By Ron Cooper
The Word Doctor
Yogi Berra is as much a national treasure for his verbal gaffes as he is for his storied baseball career.
“We made too many wrong mistakes,” the great Yankees catcher said in his trademark fashion. Another time he mused, “You can observe a lot by just watching.”
I love Yogi for his slips of the tongue. Writers can learn a good deal from him in their quest to be clear and correct and to avoid repetition.
“He hits from both sides of the plate. He’s amphibious,” Yogi said. Naturally, he meant “ambidextrous” or, in baseball lingo, “switch-hitter.”
Like Yogi, do you use the wrong word? When writing, carefully check everything before hitting the “send” button. Do you mean “its” instead of “it’s” or “they’re” in place of “their?”
Or you might be repetitious, as Yogi was in saying, “It’s déjà vu all over again.” The best way to avoid repetition is to revise your writing as if you were a plastic surgeon. Nip here, tuck there, until you have it letter-perfect!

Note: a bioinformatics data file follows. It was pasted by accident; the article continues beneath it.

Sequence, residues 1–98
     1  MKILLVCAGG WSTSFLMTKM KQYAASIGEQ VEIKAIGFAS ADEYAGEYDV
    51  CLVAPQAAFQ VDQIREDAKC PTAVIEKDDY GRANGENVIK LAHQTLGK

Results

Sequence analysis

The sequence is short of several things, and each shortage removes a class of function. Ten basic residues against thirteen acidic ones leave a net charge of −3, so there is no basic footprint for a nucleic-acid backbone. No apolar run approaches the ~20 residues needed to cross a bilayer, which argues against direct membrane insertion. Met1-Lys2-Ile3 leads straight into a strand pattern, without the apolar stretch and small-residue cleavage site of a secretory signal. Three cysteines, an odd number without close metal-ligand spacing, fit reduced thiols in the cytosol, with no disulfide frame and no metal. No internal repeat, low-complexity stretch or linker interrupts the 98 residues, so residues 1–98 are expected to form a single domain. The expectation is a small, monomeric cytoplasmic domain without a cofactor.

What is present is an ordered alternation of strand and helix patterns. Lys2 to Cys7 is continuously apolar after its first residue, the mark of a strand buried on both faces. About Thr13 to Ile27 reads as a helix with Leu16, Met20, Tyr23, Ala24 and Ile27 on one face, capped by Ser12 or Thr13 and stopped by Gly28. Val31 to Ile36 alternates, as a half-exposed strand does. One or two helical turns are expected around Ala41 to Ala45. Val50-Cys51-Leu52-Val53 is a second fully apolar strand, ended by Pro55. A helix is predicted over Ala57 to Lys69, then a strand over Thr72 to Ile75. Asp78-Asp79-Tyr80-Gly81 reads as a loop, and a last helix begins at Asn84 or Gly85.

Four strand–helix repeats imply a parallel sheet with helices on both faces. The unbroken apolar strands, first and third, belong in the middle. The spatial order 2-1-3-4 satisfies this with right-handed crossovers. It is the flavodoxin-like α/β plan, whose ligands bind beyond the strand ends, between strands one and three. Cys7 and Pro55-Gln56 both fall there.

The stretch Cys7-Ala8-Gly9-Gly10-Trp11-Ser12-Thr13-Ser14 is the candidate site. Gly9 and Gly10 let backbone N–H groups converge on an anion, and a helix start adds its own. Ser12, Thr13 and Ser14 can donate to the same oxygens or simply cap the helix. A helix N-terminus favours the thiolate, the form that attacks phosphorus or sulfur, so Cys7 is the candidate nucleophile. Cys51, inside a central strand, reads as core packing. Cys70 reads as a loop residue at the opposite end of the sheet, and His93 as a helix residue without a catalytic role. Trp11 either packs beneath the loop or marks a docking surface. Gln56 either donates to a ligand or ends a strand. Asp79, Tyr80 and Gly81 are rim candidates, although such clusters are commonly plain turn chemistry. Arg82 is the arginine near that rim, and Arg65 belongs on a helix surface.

Is your writing unclear? Yogi sure was when he remarked, “I never said most of the things I said.” Clarity comes with a solid outline coupled with enough revisions to fill a wastebasket.
“If you don’t know where you are going, you might wind up someplace else,” Yogi said.
That’s excellent advice for writers, especially when the words don’t fall into place easily. But a clear course combined with efficient organization spells success for writers.
Remember what Yogi said: “When you arrive at a fork in the road, take it.”
Just be sure to choose wisely!